Ellsworth Kelly sits in his studio and tells me about the glistening white sculpture mounted outside.
“I don’t say that I’m taking things away. What I’m doing is not putting them in,” he says, leaning forward in his chair.
Kelly has spent the last six decades reducing shape, color and line to their purest forms.
In his current show at New York’s Metropolitan Museum of Art, “Ellsworth Kelly Plant Drawings,” some of the images are so austere that they’re drawn with a single, unbroken pencil line.
I visited him in his Hudson Valley studio -- full of artwork in various stages of completion -- which sits on several manicured acres dotted with his own sculptures.
We spoke at length as Kelly, 89, led me on a tour of the works and grounds.
Tarmy: Where does drawing fit in your creative process?
Kelly: All of my sculptures, all of my paintings, start with drawings. De Kooning or Pollock find the painting by doing it -- by making it. They do and they stop.
We used to say that the good painters always had someone behind them with a hammer to hit them at the right time: “That’s finished now!”
It’s a different kind of painting from what I do: I have to solve it first.
Tarmy: You’ve been drawing plants for over 60 years. Why plants?
Kelly: I chose plants because I could always find them. One of the first drawings I did in Paris -- I wasn’t thinking of doing drawings, but somehow or other, I kept drawing -- I bought a hyacinth flower with a lot of leaves, just to make me feel like spring.
So I did a lot of drawings of it, and it just started that way. Then I went out to Brittany for the summer, lived on a little island, and I drew seaweed. Wherever I went, I did drawings of plants.
Tarmy: Have they always sold?
Kelly: I sold them for about a thousand dollars in the ’70s, but now my gallerist, Matthew Marks, wants a lot for them.
Tarmy: How long does it take you to draw one?
Kelly: My drawings have to be quick. If they don’t happen in 20 minutes or a half hour, then they’re no good.
Matisse can’t do a line without it being a Matisse. I’m not that way. I do a lot of mediocre stuff, and if they’re not good, they go out.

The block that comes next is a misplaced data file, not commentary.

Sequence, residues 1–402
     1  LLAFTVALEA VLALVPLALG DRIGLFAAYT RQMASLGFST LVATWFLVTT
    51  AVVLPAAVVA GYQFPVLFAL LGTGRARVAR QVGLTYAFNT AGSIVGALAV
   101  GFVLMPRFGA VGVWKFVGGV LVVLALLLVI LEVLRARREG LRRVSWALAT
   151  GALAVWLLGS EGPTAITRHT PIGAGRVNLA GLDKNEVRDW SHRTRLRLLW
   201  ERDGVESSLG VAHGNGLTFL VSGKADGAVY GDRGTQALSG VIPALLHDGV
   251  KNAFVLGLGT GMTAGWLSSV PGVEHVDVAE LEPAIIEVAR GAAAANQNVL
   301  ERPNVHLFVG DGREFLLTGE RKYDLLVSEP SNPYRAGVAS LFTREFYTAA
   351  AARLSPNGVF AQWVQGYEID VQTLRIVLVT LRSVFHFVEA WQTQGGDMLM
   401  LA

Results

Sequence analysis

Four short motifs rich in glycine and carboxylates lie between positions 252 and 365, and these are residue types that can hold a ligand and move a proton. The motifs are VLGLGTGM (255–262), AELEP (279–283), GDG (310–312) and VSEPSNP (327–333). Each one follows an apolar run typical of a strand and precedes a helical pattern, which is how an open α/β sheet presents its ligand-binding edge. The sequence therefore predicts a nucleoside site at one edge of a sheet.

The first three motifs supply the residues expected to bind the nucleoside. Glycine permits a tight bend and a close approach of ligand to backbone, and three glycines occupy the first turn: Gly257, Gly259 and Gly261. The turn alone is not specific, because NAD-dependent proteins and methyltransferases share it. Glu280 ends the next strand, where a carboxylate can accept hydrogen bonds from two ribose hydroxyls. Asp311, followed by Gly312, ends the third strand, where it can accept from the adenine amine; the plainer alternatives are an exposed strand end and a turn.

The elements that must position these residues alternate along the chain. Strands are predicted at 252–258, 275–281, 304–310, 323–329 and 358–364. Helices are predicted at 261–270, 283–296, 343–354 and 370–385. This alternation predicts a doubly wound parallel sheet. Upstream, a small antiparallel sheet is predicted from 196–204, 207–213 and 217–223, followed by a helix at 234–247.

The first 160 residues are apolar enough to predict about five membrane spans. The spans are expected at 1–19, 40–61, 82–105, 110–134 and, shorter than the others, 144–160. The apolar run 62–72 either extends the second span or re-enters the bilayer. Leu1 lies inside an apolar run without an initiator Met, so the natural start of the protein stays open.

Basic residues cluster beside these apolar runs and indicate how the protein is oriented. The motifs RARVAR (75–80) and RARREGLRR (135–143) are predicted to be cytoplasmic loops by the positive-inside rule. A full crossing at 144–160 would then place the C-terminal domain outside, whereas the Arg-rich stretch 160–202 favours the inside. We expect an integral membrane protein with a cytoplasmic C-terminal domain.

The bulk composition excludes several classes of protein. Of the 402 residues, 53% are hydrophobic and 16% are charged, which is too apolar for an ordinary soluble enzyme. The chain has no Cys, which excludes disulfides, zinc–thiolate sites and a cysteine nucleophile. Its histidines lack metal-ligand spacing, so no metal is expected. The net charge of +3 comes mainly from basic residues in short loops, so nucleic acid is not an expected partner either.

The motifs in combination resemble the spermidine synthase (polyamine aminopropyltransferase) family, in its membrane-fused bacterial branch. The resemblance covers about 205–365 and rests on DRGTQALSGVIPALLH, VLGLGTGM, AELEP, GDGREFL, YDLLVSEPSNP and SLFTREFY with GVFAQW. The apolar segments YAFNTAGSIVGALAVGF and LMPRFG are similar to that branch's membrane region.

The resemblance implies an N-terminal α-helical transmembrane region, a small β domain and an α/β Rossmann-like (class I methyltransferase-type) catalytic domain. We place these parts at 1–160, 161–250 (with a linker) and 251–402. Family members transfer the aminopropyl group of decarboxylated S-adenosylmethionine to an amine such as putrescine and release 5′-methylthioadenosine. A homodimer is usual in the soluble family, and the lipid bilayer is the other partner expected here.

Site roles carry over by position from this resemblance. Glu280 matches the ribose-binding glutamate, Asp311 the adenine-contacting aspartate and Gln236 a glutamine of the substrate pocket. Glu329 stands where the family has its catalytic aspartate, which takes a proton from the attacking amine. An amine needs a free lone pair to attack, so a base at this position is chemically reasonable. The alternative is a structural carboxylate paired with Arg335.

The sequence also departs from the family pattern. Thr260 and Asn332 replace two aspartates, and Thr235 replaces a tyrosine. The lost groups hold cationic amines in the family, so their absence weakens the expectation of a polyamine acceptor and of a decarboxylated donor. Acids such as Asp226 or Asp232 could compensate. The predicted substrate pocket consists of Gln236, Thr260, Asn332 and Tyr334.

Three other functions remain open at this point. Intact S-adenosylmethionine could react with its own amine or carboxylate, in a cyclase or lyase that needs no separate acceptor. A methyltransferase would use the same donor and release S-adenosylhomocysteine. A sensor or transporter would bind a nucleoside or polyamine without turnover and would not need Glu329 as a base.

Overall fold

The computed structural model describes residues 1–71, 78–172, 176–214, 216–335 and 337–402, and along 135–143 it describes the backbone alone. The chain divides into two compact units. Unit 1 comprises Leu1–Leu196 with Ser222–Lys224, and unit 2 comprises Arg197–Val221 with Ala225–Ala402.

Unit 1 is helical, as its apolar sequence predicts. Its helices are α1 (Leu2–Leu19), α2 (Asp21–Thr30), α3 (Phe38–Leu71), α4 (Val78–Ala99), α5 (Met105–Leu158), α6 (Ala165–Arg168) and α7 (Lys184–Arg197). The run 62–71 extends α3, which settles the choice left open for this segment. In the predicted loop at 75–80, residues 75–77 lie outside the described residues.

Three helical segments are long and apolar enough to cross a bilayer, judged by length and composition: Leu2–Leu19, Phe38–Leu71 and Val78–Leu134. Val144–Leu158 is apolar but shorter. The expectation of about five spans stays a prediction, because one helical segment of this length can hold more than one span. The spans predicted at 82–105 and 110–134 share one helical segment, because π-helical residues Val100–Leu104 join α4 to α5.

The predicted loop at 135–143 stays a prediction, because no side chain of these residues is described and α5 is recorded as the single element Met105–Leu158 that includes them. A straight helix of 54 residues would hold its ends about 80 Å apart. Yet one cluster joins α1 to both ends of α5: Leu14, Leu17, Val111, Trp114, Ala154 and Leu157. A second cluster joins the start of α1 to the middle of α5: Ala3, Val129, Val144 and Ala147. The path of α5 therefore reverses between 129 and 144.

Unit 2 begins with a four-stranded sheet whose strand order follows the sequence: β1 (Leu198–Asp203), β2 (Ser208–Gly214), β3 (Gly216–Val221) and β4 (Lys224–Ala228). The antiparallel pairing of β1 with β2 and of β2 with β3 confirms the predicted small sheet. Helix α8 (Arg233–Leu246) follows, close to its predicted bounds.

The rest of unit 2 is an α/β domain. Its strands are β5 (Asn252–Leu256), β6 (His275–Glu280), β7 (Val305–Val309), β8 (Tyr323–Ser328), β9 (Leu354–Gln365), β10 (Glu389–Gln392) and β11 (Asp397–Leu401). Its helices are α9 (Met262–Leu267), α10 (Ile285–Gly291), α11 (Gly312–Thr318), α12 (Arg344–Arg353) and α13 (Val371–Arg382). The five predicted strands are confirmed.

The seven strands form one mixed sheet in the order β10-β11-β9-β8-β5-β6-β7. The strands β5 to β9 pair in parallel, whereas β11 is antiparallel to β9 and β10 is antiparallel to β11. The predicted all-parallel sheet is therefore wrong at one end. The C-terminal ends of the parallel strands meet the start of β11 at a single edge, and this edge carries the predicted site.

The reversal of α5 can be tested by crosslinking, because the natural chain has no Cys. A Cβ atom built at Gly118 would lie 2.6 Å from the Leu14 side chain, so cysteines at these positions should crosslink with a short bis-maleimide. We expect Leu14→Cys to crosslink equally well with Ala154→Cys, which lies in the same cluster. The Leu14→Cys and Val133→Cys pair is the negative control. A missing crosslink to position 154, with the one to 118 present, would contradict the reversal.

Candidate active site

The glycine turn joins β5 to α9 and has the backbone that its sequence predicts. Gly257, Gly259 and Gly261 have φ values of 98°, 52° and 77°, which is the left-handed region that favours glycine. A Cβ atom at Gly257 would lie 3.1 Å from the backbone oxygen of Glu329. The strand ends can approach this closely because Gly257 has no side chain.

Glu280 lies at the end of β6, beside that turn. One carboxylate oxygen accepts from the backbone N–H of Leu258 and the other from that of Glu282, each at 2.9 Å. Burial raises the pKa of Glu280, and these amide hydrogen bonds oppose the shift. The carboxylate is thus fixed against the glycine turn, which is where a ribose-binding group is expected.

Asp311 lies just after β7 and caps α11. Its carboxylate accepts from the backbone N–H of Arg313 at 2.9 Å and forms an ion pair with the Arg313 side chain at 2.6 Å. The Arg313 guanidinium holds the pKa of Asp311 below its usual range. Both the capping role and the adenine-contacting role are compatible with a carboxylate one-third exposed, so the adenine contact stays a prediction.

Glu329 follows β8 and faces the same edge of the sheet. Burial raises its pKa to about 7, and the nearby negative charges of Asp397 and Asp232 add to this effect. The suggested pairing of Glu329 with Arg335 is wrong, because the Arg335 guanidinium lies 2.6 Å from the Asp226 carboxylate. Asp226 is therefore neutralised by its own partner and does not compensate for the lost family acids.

Tarmy: Do you withhold much of your own work?
Kelly: I like to hold onto one from each group and live with it a while. You know, people think of artists doing things automatically to sell -- sometimes you just don’t want to give things up.
Tarmy: Do you collect other artworks?
Kelly: Drawings, mostly. My earliest drawing is a supposed Carracci. It wasn’t very expensive, I guess, because they don’t know if it’s a real Carracci. But it has all these seals on it of people who’ve owned it, and one of the great portrait painters of England, Reynolds, had owned it, so that’s the earliest.
But then I have more contemporary work, like de Kooning drawings, I have a Kirchner -- I like the Expressionists -- I have a small Picasso, and a small Matisse, and an Agnes Martin, who was a very good friend.
Tarmy: Do you like any contemporary artists?
Kelly: I only like artists older than myself. Time is so important. It’s always been the same way I guess.
Have you heard Picasso’s comments about Bonnard? He said something like, “He’s a great artist, but why does he have to paint vomit?”
The young artists always have to kill the older.
Tarmy: Do you follow the art market?
Kelly: Not really -- I feel the art world is chaotic. People like to make money with paintings, and they use them that way -- they corner the market.
That’s why Koons and people like that get such enormous prices.
Tarmy: Your art sells for millions, too.
Kelly: You have to buck that market -- I had to work against it. When I came back from Paris, no one would look at my work because I’m not a gestural painter. I’m not an expressionist painter, though I love expressionism.
But I had to continue anyway. Because what the hell was I going to do? I had to do what I wanted to do because I really paint in order to please my eye, and my eye is a very cold eye, and it doesn’t really belong to me.
You ever feel that? That your eye is so dispassionate, it says “no” or “yes?”
Tarmy: Honestly? No.
Kelly: I think you use your mind more. If you put your mind to rest, just forget about the mind and look, everything becomes sort of abstract.
And I like to investigate that. I like to play with space, color and form. That pleases me.
“Ellsworth Kelly Plant Drawings” runs through Sept. 3 at the Metropolitan Museum of Art, 1000 Fifth Ave. Information: +1-212-535-7710; http://www.metmuseum.org.
(James Tarmy writes for Muse, the arts and culture section of Bloomberg News. The opinions expressed are his own.)
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